Determining the role of the paternal epigenome in offspring health

Principal Investigator: Sarah Kimmins
Theme : Health
Competition : Pilot projects GQ
Status : Completed
Start : Oct. 1, 2010
End: Sept. 30, 2012
Budget : $192,856.00



Globally there have been reported increases in male infertility and in Québec, as of 2010, the government will now cover the costs of assisted reproductive techniques for infertile couples and it is expected that their use will increase worldwide.


The first question to arise: is it safe to use sperm from infertile men or will this increases the chances of birth defects and alter offspring health? Male infertility has been associated to changes in the epigenetic program. Epigenetics is used to describe inheritable biochemical information that sits on the DNA and is attached to the DNA packaging proteins, the histones. Importantly the epigenetic layer regulates whether a gene is turned on or not, and can be influenced by the food we eat, the drugs we take and the toxins we are exposed to. At the sperm level, epigenetic information may serve as a map to guide embryo development. If this setting of the epigenome is disturbed during male germ-cell development there will be negative consequences for fertility and the health of offspring.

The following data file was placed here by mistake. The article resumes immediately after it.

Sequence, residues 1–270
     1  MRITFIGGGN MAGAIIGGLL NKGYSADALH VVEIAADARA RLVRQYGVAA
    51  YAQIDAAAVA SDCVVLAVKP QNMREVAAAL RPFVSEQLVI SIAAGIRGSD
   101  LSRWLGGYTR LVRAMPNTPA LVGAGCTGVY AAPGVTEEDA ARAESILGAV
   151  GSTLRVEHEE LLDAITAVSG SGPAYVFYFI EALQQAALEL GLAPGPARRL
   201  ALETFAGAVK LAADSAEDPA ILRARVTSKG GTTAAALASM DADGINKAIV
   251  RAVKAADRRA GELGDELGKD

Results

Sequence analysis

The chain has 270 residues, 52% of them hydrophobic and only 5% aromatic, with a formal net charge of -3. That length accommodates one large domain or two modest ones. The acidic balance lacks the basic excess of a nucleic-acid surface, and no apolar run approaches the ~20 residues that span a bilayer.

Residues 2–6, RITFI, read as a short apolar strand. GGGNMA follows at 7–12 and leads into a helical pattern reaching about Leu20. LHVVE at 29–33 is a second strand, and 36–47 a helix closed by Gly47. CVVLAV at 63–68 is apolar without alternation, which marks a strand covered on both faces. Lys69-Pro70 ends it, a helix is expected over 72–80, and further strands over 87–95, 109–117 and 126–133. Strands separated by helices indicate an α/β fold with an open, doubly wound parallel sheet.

This research program will investigate how the epigenetic information carried on sperm DNA contributes to male fertility and embryo health. The information generated from these studies will contribute new information on male infertility and as to how fathers can cause disease in their offspring through inheritable information outside of the DNA.

 

Co-applicants:

Michael Hallett McGill University
Jacquetta Trasler McGill University